This months instructor profile comes to us from Colorado. Reed Holden is a working with teens at the High Mountain Institute. Our CEO met Reed recently, and wanted us to share her inspiring work with our readers. Thank you Reed for allowing us to share your story.
In my work I’m surrounded by teenagers each and every day—which means that I’m surrounded by their hopes, their discoveries, their stresses, and their anxieties. Being a teenager today is so very different than it was when I was growing up. Between intense academic environments and the overwhelming social pressure to be plugged in 24/7, life can feel like a stressful blur. Luckily the school where I work (the High Mountain Institute, nestled in Colorado’s Rocky Mountains) is rooted in connection to nature and intentional community—two potent antidotes for the stress of the modern teen. However, we are also a semester school—an experience much like studying abroad in college—which means that these students are only with us for four short months. Because it’s fleeting, it’s important that we frame each lesson as something that’s transferable: in other words, how can students bring home the leadership, self-awareness, and grit they learn in the wilderness and use it for good in the world?
And so, it is this environment that has given rise to my passion for teaching yoga to teenagers. Yoga’s lessons, I have found, also need to be transferable—because these lessons can only expand exponentially when we integrate them into our lives off of the mat. Each semester I choose to teach a 3-part yoga series to our students. In each hour-and-a-half session students explore asana, meditation, and pranayama to grow their awareness of yoga and of themselves. My intention? To give them tools they can use to navigate stress and create space for living more fully.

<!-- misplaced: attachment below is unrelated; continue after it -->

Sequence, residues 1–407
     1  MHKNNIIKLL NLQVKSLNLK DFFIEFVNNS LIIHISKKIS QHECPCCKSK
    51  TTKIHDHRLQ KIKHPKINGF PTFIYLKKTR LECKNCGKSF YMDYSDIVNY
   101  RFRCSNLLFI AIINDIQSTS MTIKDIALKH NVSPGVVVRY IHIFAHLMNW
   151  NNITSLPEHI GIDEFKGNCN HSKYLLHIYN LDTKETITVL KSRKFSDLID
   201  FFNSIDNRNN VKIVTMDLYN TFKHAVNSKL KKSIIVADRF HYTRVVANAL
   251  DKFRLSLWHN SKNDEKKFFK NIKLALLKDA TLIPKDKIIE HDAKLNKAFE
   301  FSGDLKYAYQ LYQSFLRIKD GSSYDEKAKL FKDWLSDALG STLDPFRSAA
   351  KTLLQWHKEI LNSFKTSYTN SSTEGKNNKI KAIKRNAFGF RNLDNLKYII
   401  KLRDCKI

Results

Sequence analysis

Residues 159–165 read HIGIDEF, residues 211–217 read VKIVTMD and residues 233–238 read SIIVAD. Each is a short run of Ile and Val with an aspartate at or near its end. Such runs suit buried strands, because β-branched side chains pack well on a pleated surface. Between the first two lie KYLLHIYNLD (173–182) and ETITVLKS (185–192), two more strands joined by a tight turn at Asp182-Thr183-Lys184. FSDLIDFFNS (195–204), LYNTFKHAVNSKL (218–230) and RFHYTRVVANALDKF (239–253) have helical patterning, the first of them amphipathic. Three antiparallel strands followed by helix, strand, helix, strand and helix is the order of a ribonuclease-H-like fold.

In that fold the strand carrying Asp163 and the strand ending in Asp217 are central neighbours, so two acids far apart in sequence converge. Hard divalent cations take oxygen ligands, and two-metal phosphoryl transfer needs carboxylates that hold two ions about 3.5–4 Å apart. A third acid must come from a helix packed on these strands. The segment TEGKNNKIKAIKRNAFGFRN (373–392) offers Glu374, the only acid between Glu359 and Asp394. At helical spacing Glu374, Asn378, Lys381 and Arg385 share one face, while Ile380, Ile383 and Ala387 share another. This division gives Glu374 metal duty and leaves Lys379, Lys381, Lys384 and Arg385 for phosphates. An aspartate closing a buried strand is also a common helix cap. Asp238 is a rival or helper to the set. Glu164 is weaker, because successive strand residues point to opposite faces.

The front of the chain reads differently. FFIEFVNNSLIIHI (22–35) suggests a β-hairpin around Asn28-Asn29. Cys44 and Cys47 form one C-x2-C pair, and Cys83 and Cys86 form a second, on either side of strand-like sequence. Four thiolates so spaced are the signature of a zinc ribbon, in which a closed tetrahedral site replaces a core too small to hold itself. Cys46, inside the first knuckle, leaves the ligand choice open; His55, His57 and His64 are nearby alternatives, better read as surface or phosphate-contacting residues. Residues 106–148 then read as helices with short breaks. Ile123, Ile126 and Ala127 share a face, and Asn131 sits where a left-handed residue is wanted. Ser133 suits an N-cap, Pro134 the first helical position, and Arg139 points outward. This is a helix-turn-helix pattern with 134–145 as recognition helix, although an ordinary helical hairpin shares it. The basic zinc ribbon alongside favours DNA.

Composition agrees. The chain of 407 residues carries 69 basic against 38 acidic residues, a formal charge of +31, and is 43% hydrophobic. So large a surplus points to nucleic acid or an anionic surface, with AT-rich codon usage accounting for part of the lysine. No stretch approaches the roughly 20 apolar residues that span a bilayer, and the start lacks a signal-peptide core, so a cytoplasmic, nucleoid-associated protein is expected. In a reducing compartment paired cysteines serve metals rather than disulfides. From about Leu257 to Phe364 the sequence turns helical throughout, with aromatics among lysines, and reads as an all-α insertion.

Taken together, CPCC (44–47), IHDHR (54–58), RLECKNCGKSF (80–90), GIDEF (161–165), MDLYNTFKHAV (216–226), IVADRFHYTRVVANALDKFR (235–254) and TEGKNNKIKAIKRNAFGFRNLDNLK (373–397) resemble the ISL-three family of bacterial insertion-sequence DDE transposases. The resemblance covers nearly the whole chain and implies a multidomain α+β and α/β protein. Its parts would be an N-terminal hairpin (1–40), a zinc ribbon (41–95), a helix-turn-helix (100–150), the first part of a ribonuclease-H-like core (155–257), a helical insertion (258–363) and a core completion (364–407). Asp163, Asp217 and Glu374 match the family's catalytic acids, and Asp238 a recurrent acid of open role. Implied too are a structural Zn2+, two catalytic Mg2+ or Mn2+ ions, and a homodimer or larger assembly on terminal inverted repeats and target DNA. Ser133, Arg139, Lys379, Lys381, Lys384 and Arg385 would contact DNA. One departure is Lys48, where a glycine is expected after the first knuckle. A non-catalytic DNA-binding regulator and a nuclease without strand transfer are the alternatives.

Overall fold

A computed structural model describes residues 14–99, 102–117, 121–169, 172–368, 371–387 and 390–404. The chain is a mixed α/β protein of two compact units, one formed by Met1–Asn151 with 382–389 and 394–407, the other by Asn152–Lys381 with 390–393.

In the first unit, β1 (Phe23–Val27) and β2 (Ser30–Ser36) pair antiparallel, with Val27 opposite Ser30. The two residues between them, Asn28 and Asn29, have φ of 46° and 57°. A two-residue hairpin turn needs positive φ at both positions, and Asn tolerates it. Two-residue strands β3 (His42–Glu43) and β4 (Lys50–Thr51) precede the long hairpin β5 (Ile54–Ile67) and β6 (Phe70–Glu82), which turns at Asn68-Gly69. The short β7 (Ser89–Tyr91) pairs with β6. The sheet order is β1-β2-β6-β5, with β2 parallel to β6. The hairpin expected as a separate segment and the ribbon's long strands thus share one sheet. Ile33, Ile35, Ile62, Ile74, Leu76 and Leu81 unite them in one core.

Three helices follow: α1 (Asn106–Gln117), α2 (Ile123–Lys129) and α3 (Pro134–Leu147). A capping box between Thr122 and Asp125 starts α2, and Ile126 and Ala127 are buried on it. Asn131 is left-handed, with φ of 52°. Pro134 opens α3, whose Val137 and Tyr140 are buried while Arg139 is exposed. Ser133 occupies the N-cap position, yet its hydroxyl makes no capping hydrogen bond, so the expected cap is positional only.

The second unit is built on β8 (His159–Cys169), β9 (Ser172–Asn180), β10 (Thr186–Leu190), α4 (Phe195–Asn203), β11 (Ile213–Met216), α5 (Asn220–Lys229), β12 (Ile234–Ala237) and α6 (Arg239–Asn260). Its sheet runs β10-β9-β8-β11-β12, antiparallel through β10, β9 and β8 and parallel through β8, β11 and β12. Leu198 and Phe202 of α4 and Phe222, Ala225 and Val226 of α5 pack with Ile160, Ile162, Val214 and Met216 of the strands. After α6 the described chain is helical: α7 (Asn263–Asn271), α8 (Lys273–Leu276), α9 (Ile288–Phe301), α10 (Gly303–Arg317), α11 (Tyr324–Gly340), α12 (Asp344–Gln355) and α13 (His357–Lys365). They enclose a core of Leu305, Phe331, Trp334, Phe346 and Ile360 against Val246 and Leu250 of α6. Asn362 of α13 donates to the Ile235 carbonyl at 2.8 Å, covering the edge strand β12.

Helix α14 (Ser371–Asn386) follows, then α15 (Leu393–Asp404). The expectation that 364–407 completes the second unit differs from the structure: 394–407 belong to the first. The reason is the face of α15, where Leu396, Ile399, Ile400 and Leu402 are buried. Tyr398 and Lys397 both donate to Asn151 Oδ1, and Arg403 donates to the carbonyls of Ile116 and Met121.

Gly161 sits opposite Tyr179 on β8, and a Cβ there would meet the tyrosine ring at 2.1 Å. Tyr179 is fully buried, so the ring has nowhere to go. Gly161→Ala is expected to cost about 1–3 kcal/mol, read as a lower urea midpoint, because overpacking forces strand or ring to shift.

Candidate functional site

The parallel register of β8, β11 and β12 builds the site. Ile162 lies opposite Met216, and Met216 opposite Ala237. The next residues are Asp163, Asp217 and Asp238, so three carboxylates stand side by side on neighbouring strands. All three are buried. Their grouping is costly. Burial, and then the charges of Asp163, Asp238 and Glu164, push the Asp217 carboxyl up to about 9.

I love helping students make connections between what might come up in a particular pose to something that might come up in their life. For example, poses like Triangle requiring work on both the left and right sides offer an opportunity to check in with ourselves. Just because you didn’t use a modification on the left side doesn’t mean you shouldn’t use one on the right side; take a moment to check in with yourself to see what you might need, and notice what it feels like to stop operating on a default setting. And then take this off the mat: just because you didn’t ask for help on last week’s assignment doesn’t mean you shouldn’t ask for help on this week’s assignment; learn to check in with yourself to see what you might truly need.
Another one of my favorite things to teach to teens is the three-part breath—that we can change our body’s stress response on a physiological level just by breathing blows my mind! It’s such a simple yet useful tool for teenagers to employ when approaching a demanding test, a difficult conversation, a busy schedule, or a list of things to do.
When I completed my 200-hour teacher training I was unsure if I wanted to teach or not. However, bearing witness to the many gifts yoga can offer teens has nudged me toward my next step: pursuing training that is specific to teaching this demographic. Teenagers are at such a receptive stage of their life, and I want to help them learn how to extract the richness from the world around them. I’m convinced that yoga is an incredible means to this never-ending end.
Do you have a yoga teacher that inspires you? Reach out and let us know. We would love to send some love to instructors all over the world.
Share this post: